Keith looks for "A Few More Cowboys"
Friday, July 8, 2016
– Toby Keith released a new single today, "A Few More Cowboys," from an upcoming disc.
Keith co-wrote the song, which can be heard here with Bobby Pinson and Dean Dillon. Lyrics include:
With a few more cowboys, there'd be a lot less outlaws
With a few more amens, be a lot less bad calls
And a few more yes ma'ams, be a lot less yes men
This world would be a better place to live in
With a few more cowboys
Pinson has written eight chart-toppers and has had songs cut by Sugarland, Blake Shelton and Marty Stuart. A member of the Nashville Songwriters Hall of Fame, Dillon penned George Strait's "The Chair" and George Jones' "Tennessee Whiskey," as well as 10 co-writes with Keith.
The new music comes as the Toby Keith Interstates & Tailgates Tour Presented by Ford F-Series continues to October.
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The Bus Songs
People of a certain age can recall a time in America when a polyester-clad party host would reward late-night diehards with a "blue" record. These vinyl gems (or bootleg tapes) would be funny and frank, both in their language and adult subject matter. They paired well with alcohol, and just owning them could make someone a little cooler by association. Such a concept might mystify millennials who can punch up any song they imagine. But Toby Keith remembers.
This collection of »»»
35 mph Town
Way back in the '90's, before millions of dollars, high profile political feuds and moguldom, Toby Keith could really sing and write a pretty good song! News flash! He still can on his nostalgic, 18th album.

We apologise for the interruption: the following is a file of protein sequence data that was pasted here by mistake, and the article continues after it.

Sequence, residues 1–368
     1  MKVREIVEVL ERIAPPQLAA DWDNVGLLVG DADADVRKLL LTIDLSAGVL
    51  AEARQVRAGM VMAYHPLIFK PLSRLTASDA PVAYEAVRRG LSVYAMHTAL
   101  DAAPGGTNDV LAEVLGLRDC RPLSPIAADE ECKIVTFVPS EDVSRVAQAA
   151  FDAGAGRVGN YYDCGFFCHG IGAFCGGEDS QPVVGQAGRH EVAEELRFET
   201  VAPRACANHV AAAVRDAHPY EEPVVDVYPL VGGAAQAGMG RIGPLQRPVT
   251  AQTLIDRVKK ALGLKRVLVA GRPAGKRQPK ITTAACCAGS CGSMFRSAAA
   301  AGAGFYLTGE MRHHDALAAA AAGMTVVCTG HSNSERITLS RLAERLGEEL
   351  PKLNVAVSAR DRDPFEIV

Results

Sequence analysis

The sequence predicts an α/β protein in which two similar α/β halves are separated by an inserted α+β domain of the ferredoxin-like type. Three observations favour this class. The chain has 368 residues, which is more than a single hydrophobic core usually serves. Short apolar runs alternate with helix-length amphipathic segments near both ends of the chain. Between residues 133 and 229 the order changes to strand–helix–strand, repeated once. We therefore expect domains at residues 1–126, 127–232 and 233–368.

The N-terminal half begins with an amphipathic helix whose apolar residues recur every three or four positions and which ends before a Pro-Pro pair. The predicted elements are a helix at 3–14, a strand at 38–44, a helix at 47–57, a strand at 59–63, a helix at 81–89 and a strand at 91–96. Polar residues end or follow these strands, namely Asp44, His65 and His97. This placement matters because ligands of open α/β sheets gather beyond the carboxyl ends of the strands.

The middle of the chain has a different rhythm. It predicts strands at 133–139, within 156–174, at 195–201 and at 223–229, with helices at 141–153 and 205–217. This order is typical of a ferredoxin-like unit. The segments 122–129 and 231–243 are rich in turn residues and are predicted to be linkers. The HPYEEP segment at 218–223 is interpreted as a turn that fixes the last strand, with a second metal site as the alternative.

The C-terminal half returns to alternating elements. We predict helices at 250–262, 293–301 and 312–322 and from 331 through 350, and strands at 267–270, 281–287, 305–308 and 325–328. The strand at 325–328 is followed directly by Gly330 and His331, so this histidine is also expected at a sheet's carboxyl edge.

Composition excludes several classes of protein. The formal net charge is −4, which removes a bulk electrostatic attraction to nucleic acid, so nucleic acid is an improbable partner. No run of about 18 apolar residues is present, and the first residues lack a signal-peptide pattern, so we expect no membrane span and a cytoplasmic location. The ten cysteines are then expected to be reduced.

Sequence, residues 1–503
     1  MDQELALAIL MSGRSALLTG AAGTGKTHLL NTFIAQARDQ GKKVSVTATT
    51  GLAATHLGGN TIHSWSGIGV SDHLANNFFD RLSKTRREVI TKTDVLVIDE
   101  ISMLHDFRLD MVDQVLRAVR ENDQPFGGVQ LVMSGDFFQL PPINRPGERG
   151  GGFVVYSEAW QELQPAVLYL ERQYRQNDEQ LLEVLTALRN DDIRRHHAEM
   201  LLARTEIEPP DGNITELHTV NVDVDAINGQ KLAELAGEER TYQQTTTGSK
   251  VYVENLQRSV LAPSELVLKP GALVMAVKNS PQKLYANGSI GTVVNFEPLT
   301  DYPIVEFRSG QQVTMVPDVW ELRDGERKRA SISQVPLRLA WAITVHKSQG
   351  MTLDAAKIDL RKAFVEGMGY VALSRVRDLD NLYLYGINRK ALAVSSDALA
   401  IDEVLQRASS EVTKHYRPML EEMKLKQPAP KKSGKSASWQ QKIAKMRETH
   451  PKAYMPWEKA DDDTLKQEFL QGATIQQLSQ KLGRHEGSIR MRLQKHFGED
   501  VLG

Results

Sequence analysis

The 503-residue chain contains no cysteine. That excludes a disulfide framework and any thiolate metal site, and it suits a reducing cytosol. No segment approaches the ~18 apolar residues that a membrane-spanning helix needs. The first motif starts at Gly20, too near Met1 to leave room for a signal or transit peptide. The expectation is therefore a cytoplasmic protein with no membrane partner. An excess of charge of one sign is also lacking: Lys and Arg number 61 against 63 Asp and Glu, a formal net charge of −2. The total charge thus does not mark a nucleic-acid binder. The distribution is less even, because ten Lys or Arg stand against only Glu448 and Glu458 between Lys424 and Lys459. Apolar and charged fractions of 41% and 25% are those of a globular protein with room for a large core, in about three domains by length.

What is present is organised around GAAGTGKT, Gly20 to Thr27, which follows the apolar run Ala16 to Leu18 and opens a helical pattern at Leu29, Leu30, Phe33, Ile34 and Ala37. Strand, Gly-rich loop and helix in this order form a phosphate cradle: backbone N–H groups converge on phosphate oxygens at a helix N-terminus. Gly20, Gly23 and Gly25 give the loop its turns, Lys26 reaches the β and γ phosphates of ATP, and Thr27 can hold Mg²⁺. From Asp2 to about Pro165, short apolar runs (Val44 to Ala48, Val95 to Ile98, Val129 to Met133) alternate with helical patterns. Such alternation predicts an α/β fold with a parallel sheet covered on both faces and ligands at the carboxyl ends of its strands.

You can hear an unexpected Merle Haggard influence all over this record. The title cut, "35 MPH" evokes a Haggard vibe. Think "Roots Of My Raising - 2015" as Keith laments the loss of the commonplace, now gone forever. What could've easily been an appeal »»»
Drinks After Work
If 52-year old Toby Keith has learned anything after 20 years, it is to stick with a winning formula. Working with longtime collaborators Scotty Emerick, Bobby Pinson and Rivers Rutherford, "Drinks After Work" is chock full of blue collar ethic, humor and some heartbreak.
Most of the album is driven by big hooks and country guitar, However, Keith experiments a bit stylistically with computerized hip hop on the party anthem opener, Shut Up And Hold On, a Buffet-esque steel drum on »»»
Editorial: Walking the talk
When names like Hank Williams, Johnny Cash, Waylon and the Hag are invoked, you're talking hard core country. These are the touchstones of country , the guys who made country music what it was and still is (or maybe can be). When these folks would sing about being down-and-out and the rough-and-tumble, they knew of what they were singing about. Fast forward a few years to the country singers of today. »»»
Concert Review: For The Jayhawks, it's the music first and foremost
The uninitiated may have thought The Jayhawks were going the covers route in concert by playing "Everybody Knows" or Jakob Dylan's "Gonna Be a Darkness" from the HBO show "True Blood."
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Concert Review: Wilson goes to Liner Notes
Rita Wilson took an unusual approach to supporting her solo album, "Bigger Picture." Rather than hog the spotlight, Wilson, better known for being an actress than a singer, shared the stage with three accomplished songwriters for a good old-fashioned guitar pull. She's calling these concerts "Liner Notes" because they introduce... »»»
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